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Introducing SLOF, an open source implementation of Open Firmware

Oct 14, 2005 — by LinuxDevices Staff — from the LinuxDevices Archive
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DeveloperWorks has interviewed the developers of Slimline Open Firmware (SLOF), a BSD-licensed implementation of Open Firmware (IEEE-1275) that can be used by software engineers developing boot firmware, operating systems, hypervisors, or applications for 64-bit PowerPC, and by hardware engineers bringing up new boards — including those based on Cell processors.

According to developers Otto Wohlmuth, Segher Boessenkool, and Hartmut Penner, SLOF was developed specifically to allow Linux to run natively on 64-bit PowerPC systems. It can also be used to develop hardware based on the PowerPC 970 processor, or to develop hypervisor environments such as Xen on hardware such as IBM's JS20 PowerPC blades. Additionally, SLOF is currently the only firmware that can boot Linux on Cell-powered computing blades, the developers say.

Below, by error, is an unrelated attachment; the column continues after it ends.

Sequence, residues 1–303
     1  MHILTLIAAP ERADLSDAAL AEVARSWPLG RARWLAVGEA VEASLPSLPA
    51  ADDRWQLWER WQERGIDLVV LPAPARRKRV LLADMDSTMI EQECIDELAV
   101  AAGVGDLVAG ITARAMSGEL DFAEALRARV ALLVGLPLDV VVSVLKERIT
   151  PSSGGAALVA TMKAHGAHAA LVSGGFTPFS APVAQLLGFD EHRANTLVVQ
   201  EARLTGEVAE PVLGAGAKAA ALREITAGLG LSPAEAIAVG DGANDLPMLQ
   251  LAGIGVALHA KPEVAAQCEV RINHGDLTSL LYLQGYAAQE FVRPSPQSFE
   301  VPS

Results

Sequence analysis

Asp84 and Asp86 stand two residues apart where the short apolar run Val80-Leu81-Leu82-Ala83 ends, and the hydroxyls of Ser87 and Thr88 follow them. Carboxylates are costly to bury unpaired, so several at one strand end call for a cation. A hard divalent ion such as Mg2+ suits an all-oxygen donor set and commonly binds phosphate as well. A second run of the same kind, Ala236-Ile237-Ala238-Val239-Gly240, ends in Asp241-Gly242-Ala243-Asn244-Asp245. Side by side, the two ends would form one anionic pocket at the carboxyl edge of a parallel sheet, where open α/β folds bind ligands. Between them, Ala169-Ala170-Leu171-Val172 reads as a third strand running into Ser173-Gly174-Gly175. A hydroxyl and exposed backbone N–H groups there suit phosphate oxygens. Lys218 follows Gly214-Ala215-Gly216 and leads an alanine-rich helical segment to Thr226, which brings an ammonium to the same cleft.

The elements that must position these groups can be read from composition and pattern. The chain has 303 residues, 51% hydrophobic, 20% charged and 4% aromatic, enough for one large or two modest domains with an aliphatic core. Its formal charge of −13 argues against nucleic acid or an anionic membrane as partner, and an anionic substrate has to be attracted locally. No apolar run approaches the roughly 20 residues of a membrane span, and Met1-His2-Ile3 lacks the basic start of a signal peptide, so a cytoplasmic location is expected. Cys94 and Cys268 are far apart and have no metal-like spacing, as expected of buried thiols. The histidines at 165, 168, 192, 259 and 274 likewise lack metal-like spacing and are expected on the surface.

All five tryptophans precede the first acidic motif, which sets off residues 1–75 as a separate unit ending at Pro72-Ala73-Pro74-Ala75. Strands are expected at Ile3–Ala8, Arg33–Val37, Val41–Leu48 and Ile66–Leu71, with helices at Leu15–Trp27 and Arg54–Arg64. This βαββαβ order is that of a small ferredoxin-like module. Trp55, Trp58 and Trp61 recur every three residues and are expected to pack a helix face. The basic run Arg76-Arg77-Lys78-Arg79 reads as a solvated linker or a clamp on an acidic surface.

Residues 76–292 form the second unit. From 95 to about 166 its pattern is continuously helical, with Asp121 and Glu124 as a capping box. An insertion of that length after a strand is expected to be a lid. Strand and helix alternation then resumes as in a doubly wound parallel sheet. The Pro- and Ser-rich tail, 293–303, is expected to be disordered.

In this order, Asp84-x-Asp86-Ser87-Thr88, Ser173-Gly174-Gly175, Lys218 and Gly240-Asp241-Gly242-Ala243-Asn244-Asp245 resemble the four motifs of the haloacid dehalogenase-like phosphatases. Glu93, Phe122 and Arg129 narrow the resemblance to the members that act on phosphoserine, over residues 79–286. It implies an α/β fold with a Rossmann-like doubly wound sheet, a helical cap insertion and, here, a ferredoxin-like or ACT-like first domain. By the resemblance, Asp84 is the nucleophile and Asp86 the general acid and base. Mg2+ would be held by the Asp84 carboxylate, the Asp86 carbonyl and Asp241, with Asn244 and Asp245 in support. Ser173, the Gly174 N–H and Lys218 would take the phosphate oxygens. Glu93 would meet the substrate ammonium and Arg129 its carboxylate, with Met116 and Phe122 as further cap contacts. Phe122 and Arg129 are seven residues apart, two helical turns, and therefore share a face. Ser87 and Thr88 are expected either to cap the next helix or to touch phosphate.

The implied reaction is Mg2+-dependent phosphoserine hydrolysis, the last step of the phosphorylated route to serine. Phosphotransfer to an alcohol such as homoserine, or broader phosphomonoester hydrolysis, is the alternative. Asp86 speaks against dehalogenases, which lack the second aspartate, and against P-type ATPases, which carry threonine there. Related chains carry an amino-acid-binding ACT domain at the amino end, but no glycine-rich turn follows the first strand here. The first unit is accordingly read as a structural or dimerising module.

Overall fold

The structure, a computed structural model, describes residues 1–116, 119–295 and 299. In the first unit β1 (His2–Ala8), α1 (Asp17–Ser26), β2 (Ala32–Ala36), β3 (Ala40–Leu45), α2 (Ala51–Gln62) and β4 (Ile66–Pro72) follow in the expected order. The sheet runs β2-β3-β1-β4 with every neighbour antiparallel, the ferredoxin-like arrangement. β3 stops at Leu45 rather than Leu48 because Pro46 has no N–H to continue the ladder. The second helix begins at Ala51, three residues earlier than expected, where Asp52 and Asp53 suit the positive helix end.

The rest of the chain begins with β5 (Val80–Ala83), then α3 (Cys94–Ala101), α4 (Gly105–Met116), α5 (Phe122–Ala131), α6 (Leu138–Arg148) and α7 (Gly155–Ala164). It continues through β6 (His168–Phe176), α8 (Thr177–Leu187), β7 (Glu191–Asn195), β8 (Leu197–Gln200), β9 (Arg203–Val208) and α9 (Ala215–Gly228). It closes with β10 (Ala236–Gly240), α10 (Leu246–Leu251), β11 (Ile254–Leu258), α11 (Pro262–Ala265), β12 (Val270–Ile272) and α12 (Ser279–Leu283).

Compared with the Open Firmware implementation used by Apple in its PowerPC-based PCs, SLOF is less sophisticated. This is fine with Linux, however, since Linux performs many functions previously performed by BIOS software, such as PCI bus scans. SLOF's minimalism results in fast boot times, and since SLOF is completely open source, developers can add functionality as required.

The three developers go on to discuss the programming languages used in and supported by SLOF, SLOF's utility as a teaching tool, how SLOF copares with paflof, and SLOF's development roadmap. The full interview can be found here.


 
This article was originally published on LinuxDevices and has been donated to the open source community by QuinStreet Inc. Please visit LinuxToday.com for up-to-date news and articles about Linux and open source.

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